ada.— anarchy in the administration.
The rangers at Fort William Henry defy the
chap. XI.} 1757. winter.
The forests, pathless wit's expedition
Vaudreuil's Account, 22 April, 1757. against Fort William Henry.
They must travel sixty leagues; the snowshoes on their feetadders, to surprise the English fort.
Letter of Ere, dated Fort William Henry, 22 March, 1757. But the garrison was on the watch, and the ead, near the centre of a wider opening between its mountains, Fort William Henry stood on its bank, almost on a level with the lake.
Lofty hiimid Webb there was nothing to fear.
He went, it is true, to Fort William Henry, but took care to leave again with a large escort, just in sed French and Canadians, and about seventeen hundred Indians.
Fort William Henry was defended by Lieutenant-Colonel Monro,
Journal de l'expedition, &c., &c.
After the surrender of Fort William Henry, the savages retired.
Twelve hundred men were employed to de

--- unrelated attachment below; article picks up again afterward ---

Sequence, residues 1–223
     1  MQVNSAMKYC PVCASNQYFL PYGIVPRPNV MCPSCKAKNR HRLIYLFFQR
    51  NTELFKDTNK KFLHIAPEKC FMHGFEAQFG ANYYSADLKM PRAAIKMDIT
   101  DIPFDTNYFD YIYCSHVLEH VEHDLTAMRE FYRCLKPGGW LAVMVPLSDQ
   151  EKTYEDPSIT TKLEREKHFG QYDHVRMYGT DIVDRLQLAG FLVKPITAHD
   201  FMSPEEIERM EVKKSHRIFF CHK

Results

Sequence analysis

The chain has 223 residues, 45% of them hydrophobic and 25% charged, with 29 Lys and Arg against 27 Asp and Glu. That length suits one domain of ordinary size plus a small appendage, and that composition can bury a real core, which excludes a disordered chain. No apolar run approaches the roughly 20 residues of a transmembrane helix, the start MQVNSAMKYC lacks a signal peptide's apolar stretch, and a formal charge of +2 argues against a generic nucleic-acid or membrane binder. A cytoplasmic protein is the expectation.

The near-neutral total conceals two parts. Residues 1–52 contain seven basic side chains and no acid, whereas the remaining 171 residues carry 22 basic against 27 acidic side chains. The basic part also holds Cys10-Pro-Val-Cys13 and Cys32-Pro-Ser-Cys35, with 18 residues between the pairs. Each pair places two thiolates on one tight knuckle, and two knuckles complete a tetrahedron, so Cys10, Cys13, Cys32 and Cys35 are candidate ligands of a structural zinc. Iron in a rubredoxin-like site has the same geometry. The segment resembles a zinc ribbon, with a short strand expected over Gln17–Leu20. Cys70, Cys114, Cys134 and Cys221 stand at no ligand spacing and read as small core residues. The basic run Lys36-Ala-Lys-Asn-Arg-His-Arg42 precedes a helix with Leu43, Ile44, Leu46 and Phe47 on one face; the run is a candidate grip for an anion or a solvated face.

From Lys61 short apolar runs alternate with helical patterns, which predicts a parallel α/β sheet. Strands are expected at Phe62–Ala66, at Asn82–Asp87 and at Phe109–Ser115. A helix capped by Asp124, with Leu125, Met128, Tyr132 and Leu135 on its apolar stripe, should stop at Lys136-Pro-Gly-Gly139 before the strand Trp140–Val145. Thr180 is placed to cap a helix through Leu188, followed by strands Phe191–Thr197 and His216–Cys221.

s, said even royalists, but the inhabitants on the frontier will not be one jot the safer for them.
The English had been driven from every cabin in the basin of the Ohio; Montcalm had destroyed every vestige of their power within that of the St. Lawrence.
France had her posts on each side of the Lakes, and at Detroit, at Mackinaw, at Kaskaskia, and at New Orleans.
The two great valleys of the Mississippi and the St. Lawrence were connected chiefly by three well known routes,—by way of Waterford to Fort Duquesne, by way of the Maumee to the Wabash, and by way of Chicago to the Illinois.
Of the North American continent, the French claimed, and seemed to possess, twenty parts in twenty-five, leaving four only to Spain, and but one to Britain.
Their territory exceeded that of the English twenty-fold.
As the men composing the garrison at Fort Loudoun, in Tennessee, were but so many hostages in the hands of the Cherokees, the claim of France to the valleys of the Mississippi and the